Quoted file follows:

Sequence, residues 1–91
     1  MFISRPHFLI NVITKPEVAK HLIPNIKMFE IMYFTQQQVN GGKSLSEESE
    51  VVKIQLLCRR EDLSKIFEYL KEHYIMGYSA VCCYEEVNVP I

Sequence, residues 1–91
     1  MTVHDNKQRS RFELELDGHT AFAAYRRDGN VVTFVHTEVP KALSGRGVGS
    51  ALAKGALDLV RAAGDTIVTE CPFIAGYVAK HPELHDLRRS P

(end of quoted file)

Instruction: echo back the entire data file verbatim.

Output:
Sequence, residues 1–91
     1  MFISRPHFLI NVITKPEVAK HLIPNIKMFE IMYFTQQQVN GGKSLSEESE
    51  VVKIQLLCRR EDLSKIFEYL KEHYIMGYSA VCCYEEVNVP I

Sequence, residues 1–91
     1  MTVHDNKQRS RFELELDGHT AFAAYRRDGN VVTFVHTEVP KALSGRGVGS
    51  ALAKGALDLV RAAGDTIVTE CPFIAGYVAK HPELHDLRRS P